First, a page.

jim lykos jimlykos@bigpond.com
Sat, 06 Aug 2011 06:23:08 PDT
Hi Michael,

You have asked some intriguing  questions about the outcome of the 
intergeneric cross between Brunsvigia josephinae and Amaryllis - and what 
sort of backcrosses can be achieved.  A very thorough paper on the outcome 
of  this intergeneric cross is found in Vol 63,2009 , pages 75 to 100 of 
Basically as you have found there is little colour variation with  the F1 
cross (xAmarygia) with all flowers being a rich magenta colour with varying 
degrees of reddish wash in the centre of tepals and  some white markings 
near the centre of some flowers.

It is uncertain how many backcrosses were necessary to get the full colour 
variations of vigorous Amaryllis like xAmarygias that we see in collections, 
but it is clear that most F1 Amarygias have sterile pollen and that F1 back 
crosses to Brunsvigia as a seed or pollen parent produce mainly aborted 
seeds and occasionally small weak seedlings.  However F1 Amarygias will 
backcross with Amaryllis.
I have not been able to create any seedlings from  F1x F1 crosses and I have 
yet to be certain about what an F2 xAmarygia looks like . I think the 
process that produced our current colour range of Amarygias was due to 
crossing the F1 Amarygia with Amaryllis belladonna colour varieties, with 
further backcrosses with the progeny.

My view is that crosses between F3, F4 generations etc usually have 
seedlings that are super fertile. In making these crosses using a Brunsvigia 
pollen parent will produce myriad's of small seeds from the Amaryllis or 
xAmarygia seed parent resulting in vigorously germinating seedlings. The 
reverse cross with Brunsvigia as the seed parent still has a poorer outcome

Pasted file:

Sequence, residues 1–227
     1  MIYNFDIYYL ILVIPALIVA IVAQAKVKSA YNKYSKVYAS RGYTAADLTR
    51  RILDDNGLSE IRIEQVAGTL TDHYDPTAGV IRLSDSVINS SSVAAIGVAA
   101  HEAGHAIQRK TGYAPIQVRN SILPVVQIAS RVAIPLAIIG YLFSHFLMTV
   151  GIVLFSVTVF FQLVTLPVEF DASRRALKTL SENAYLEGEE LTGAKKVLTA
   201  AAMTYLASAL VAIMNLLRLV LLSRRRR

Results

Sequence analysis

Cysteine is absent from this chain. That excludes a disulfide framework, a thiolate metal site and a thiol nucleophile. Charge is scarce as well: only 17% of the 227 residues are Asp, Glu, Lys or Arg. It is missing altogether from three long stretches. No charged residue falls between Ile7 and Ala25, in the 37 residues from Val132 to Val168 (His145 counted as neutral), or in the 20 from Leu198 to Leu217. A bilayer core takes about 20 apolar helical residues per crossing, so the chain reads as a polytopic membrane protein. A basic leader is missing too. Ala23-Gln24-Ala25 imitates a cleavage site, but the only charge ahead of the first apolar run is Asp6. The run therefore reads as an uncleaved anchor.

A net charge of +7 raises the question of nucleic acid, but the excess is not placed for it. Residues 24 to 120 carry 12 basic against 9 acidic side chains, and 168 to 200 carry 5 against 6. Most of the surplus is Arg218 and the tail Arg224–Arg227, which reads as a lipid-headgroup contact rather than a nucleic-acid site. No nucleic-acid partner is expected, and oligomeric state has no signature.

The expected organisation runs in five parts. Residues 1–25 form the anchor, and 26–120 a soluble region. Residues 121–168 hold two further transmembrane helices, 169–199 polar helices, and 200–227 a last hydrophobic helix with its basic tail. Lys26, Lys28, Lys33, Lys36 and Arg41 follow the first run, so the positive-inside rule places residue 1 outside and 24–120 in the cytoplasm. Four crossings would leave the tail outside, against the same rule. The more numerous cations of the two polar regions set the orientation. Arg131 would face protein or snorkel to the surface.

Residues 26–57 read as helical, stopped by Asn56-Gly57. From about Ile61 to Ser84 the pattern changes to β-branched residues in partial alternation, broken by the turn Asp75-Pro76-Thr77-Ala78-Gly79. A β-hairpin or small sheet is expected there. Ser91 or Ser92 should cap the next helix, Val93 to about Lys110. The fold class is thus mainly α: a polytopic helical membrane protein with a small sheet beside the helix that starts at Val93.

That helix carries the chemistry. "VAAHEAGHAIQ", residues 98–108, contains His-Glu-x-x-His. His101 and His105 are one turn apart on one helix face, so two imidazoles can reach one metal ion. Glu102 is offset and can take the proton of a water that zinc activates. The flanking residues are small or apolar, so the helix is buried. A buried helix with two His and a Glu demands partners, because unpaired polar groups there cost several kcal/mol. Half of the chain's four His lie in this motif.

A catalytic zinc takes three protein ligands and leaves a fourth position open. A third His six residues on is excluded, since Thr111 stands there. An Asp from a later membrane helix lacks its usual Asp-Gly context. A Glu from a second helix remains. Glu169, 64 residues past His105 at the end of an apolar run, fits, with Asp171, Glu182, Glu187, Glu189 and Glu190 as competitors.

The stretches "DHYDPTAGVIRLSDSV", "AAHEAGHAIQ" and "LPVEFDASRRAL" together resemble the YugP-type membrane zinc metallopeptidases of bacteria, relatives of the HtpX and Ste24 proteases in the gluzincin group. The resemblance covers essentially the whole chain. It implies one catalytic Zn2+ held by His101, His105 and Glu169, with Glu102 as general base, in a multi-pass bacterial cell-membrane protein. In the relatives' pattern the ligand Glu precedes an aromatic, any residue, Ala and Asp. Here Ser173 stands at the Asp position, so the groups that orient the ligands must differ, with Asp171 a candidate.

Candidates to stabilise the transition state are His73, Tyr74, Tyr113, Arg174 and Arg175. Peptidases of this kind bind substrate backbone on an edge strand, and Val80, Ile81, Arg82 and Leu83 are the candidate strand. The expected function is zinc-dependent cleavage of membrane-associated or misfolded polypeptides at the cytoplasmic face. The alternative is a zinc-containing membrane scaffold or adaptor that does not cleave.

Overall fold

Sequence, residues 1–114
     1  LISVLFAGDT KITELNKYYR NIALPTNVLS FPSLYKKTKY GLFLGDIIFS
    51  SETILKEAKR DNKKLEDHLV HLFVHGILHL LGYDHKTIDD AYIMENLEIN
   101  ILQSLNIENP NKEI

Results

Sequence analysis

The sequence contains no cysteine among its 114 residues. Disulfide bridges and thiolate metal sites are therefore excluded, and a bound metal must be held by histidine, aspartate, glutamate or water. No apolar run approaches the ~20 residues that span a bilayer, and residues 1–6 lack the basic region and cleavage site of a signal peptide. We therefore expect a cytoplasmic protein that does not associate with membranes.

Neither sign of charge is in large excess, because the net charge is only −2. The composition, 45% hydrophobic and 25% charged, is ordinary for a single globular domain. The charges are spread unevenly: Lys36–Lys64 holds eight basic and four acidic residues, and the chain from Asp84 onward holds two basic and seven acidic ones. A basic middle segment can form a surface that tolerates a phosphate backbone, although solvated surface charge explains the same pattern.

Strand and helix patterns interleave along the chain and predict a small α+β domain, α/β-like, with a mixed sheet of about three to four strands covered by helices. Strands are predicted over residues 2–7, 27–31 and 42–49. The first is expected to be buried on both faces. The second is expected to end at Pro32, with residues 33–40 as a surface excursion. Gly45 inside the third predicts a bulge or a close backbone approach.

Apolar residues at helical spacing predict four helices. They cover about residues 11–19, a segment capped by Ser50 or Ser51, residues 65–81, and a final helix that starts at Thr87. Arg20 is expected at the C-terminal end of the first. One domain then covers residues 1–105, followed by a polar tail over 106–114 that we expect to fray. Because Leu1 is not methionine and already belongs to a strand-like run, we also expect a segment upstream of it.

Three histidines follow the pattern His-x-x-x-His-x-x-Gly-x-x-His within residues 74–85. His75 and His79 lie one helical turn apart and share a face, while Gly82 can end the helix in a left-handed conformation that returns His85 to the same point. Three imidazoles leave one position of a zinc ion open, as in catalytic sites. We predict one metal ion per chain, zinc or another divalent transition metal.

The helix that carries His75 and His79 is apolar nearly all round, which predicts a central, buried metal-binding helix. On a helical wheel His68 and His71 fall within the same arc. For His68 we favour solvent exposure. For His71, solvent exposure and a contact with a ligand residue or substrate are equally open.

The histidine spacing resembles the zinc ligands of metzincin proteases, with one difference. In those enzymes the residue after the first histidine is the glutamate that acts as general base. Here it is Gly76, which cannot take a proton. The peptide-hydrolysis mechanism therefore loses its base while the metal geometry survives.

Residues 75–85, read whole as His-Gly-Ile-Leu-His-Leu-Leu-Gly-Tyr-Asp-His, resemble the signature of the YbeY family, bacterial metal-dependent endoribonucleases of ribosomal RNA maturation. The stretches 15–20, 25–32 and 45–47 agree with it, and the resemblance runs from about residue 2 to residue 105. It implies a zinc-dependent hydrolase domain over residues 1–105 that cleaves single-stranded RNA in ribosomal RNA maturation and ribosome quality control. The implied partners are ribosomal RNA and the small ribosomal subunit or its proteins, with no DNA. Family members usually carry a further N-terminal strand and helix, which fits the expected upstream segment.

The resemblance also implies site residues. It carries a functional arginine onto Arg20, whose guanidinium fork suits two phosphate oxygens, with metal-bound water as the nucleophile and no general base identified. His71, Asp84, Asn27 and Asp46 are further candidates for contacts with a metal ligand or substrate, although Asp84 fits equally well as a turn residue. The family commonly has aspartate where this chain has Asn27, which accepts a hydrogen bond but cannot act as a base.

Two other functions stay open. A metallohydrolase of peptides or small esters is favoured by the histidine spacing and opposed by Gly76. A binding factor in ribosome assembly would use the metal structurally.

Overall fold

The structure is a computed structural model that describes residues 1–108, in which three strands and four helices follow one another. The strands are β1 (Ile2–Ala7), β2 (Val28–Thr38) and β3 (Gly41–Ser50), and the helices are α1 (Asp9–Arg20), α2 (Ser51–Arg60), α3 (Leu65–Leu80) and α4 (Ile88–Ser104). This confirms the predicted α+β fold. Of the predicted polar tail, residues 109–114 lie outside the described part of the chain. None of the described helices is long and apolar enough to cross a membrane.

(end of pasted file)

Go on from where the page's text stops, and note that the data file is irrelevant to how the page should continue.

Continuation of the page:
with very few seeds produced and almost all seedlings usually damping off by 
the second year.
I have found that shape, colour and size of flowers can be modified by 
selective crosses using  x Amarygias from different Brunsvigia/xAmarygia 
parents, otherwise the outcome is usually offspring with little variation in 
colour or shape.
When you start to breed xAmarygia using parents that have twisted, 
undulating  or elongated sepals you start to see part of the expression of 
the Brunsvigia genetics, other desirable factors include small and large 
sized flowers and extra floriferousness and these outcomes are mainly 
obtained and extended by working on hybrids between different coloured and 
shaped xAmarygis's.


Jim Lykos
Blue Mountains Sydney Aust.


----- Original Message ----- 
From: "Michael Homick" <michaelhomick@gmail.com>
To: "Pacific Bulb Society" <pbs@lists.ibiblio.org>
Sent: Friday, August 05, 2011 10:06 AM
Subject: [pbs] xAmarygia

>I just noticed in the garden that the xAmarygia are starting to push buds
> through the ground and it got me to pondering a question. The cross was
> between a *Brunsvigia josephinae *and *Amaryllis belladonna.* Other than
> flower color variation the form is very uniform between all the plants
> growing here. (20+ clones) I am sure that we are growing F3, F4 or further
> generations from the original crosses. Did the F2 or later generations 
> ever
> exhibit more of the *Brunsvigia* form? If not why would the
> *Brunsvigia*genes not express themselves more in some of the progeny
> of future
> generations? Has backcrossing to *Brunsvigia* been attempted? Time to do
> some reading of back issues of Herbertia and other periodicals as well as
> PBS archive searching.
> All the best, Michael Homick
> Stevinson, (Central Valley), California
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